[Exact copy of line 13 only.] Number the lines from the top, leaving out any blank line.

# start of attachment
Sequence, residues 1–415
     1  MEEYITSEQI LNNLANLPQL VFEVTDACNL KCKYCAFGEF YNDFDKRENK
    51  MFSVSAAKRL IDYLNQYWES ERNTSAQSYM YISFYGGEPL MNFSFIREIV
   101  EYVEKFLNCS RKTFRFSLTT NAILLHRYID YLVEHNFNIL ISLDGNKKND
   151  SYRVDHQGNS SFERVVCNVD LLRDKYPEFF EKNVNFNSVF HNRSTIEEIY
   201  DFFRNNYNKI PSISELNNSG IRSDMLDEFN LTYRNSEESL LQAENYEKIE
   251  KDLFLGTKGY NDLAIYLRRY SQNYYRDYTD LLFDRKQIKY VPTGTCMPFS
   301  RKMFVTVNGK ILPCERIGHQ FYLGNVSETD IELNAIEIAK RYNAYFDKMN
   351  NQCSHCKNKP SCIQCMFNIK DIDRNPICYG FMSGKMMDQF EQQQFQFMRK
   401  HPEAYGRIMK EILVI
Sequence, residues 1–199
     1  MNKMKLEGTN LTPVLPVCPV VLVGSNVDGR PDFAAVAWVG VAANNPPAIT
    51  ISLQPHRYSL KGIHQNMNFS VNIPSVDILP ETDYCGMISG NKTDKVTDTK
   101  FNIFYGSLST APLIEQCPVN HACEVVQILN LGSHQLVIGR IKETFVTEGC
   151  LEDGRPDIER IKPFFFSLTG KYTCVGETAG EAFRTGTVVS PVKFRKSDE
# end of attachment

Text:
    51  ISLQPHRYSL KGIHQNMNFS VNIPSVDILP ETDYCGMISG NKTDKVTDTK